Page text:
It has been wonderful to see so many proclaiming a fundamental truth that we hold self-evident as Americans; that Black lives DO matter. I’ve seen families spend time together having a tough conversation about racism and how to combat racism starting in our own homes. As mothers, I believe we have an opportunity to go back to our communal roots and be agents of unity and change through celebration.
One thing I have learned from growing up in the black community and within Black American culture is that celebrations and holidays are always primarily about gathering with the family. We use food, music, and dance to express joy and gratitude for the opportunity to gather. Family is universal. It doesn’t matter your skin color, ethnic background, or nationality; we all understand family. This year, I’d like to extend an invitation for those who are allies to the Black community and those who are patriots of our nation to celebrate, or at the very least, educate yourselves on a special day called Juneteenth.
Juneteenth is a holiday that many Black Americans celebrate as their Independence Day — often in place of July 4th, the nationally acclaimed Independence Day. On June 19th, 1865, Union troops arrived in Galveston, Texas, to proclaim that the Civil War had ended and that enslaved African people were now free. This was two years after President Abraham Lincoln signed the Emancipation Proclamation.
Traditionally, Black Americans celebrate Juneteenth by dressing up in elegant clothing. This is in response to the prohibition of elegant attire placed on enslaved African people. Today you will also see many cookouts and barbeques, prayer services outside, baseball games, rodeos, gatherings with elders speaking, and wisdom shared with younger generations. Traditionally the foods that are eaten are red and symbolize the connection to the motherland, Africa. These foods can be strawberries, watermelon, strawberry soda, etc. In more modernized celebrations, you may even witness traditional African dance performance and traditional African attire.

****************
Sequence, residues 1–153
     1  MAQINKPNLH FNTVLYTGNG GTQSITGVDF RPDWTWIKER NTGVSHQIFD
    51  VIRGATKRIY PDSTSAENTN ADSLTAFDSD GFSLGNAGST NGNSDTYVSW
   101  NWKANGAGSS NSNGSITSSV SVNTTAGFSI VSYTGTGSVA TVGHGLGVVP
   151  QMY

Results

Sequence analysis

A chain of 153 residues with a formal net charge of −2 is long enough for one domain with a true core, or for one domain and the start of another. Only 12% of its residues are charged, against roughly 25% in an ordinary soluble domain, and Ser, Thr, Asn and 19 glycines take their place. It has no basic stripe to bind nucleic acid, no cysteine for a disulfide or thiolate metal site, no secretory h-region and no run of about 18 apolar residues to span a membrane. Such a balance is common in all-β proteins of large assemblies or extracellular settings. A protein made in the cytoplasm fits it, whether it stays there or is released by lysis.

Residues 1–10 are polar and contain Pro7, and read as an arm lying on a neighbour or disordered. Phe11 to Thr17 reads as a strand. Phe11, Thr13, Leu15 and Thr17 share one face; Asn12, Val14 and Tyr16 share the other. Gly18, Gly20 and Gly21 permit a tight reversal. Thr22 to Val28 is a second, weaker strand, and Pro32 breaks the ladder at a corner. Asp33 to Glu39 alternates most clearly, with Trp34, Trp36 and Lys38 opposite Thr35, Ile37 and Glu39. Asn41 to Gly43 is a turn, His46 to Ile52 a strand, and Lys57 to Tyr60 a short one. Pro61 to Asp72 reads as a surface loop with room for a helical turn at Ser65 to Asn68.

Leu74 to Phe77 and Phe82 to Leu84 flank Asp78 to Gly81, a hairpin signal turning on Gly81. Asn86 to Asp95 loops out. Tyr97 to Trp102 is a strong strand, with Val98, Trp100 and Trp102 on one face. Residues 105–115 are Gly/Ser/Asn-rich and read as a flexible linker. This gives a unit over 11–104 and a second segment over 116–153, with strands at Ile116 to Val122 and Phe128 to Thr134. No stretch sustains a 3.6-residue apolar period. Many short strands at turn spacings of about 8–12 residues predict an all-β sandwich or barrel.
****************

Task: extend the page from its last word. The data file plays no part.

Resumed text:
Juneteenth is a wonderful holiday to celebrate for every American. I think it is of the utmost importance to not just be an ally or participate in performative activism but to do the work of self-reflection, education, and even changing how or what holidays you celebrate or recognize in your home.
As mothers, we can be great sources of change just by taking a moment to educate our children and family on important matters and making it fun. True unity can come from women and mothers, deciding to celebrate and integrate!
Local Juneteenth Celebrations
Check out a few local Juneteenth festivities here in Jacksonville and join in the celebration: Juneteenth Books, Poetry, and Arts Fair, 8th Annual Juneteenth in Jacksonville, and the Juneteenth Pride Month Celebration.